The FT's much anticipated rankings also place the School’s MMgt program at number five in Asia and again in the world’s top 30.
The Dean, Professor Greg Whitwell, has described the “thrilling” results as “affirmation of the Business School’s world class status and its ability to consistently perform at the highest level”.
“Our place in the top 30 is particularly pleasing when viewed in the context of the thousands of MMgt programs now offered by universities around the world,” added Deputy Dean Professor John Shields.
The consistently strong performance of our MMgt program reflects an equally consistent investment in quality of the learning that the program affords students,” Professor Shields said. “Importantly, our program blends standard education with global emersion particularly in relation to business in China.”
These thrilling results are an affirmation of the Business School’s world-class status and its ability to consistently perform at the highest level"
“Beyond state-of-the-art content in management, the focus of the program is on honing young leaders capable to solve problems, deal with ambiguity, work in diverse teams and cope with the dynamically changing workplaces of the future,” said the School’s MMgt Program Director, Associate Professor Betina Szkudlarek.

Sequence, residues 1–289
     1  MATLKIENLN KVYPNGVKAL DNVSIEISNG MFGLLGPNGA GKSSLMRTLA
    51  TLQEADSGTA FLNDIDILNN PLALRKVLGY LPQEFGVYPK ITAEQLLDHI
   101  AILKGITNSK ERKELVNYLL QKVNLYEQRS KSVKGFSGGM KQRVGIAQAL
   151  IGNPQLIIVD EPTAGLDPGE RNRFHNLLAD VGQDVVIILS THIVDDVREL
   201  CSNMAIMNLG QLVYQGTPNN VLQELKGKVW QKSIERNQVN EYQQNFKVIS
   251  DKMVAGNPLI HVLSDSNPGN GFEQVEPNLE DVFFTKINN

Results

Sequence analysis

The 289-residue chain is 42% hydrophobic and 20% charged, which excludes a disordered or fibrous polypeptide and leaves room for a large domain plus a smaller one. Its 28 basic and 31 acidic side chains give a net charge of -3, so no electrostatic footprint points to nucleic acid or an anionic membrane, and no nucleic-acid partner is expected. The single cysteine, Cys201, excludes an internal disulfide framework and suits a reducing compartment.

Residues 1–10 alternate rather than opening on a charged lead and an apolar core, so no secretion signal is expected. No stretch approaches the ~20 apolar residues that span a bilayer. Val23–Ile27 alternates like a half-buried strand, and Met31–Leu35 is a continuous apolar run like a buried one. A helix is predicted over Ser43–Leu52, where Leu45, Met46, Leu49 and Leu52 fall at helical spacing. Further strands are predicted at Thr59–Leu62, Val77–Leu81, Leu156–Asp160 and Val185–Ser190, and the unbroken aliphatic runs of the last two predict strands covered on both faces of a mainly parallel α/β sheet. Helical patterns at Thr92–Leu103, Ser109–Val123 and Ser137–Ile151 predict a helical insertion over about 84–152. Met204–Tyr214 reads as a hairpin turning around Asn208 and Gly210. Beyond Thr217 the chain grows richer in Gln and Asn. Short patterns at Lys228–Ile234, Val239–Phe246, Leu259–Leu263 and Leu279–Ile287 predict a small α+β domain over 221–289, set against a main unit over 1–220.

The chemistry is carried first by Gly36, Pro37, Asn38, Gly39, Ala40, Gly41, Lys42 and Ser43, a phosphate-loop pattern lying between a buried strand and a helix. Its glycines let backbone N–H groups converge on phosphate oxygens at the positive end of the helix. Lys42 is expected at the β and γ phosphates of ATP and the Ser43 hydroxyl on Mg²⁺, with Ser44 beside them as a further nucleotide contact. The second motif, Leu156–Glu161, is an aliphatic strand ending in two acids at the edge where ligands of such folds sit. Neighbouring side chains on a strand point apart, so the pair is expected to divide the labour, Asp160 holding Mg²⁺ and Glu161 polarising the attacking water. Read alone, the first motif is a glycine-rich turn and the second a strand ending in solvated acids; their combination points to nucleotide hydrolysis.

“In an intensive one-year program, the brightest students from a diversity of backgrounds from law and arts to engineering and business, work in interdisciplinary contexts to learn how to make a positive difference in organizations and transform the way we do business,” added the School’s Associate Dean (Programs), Professor Rae Cooper.
Professor Whitwell referred to a “focus on industry engagement, experiential learning and employability” as he commented on the School’s second place in the FT’s ranking of Universities based on the “careers progress” made by their MMgt graduates.
“Our program equips pre-experience students to succeed in a dynamic and rapidly changing global environment,” he said.
“Naturally, dynamic companies which are expanding quickly are keen to employ and promote graduates who can make a significant contribution to their success.”
Beyond state-of-the-art content in management, the focus of the program is on honing young leaders capable to solve problems, deal with ambiguity, work in diverse teams and cope with the dynamically changing workplaces of the future.
The FT this year ranked 100 of the world’s leading business School, up from 95 last year.
Along with the University of Sydney Business School, the world’s top 30 includes Switzerland’s University of St Gallen; HEC Paris; Rotterdam School of Management; Stockholm School of Economics; University College, Dublin; London Business School and ESADE Business School in Barcelona.
The CEMS Master in International Management Program (MiM), which is offered by an alliance of 31 business schools globally, including the University of Sydney Business School, was ranked by the FT this year at 9th in the world.
“Our MMgt ranking and the CEMS result are also an indication of the quality of our academics who are creating programs that are noteworthy for their innovation, as well as the quality and diversity of our students and the enthusiasm and drive they generate,” Professor Whitwell concluded.
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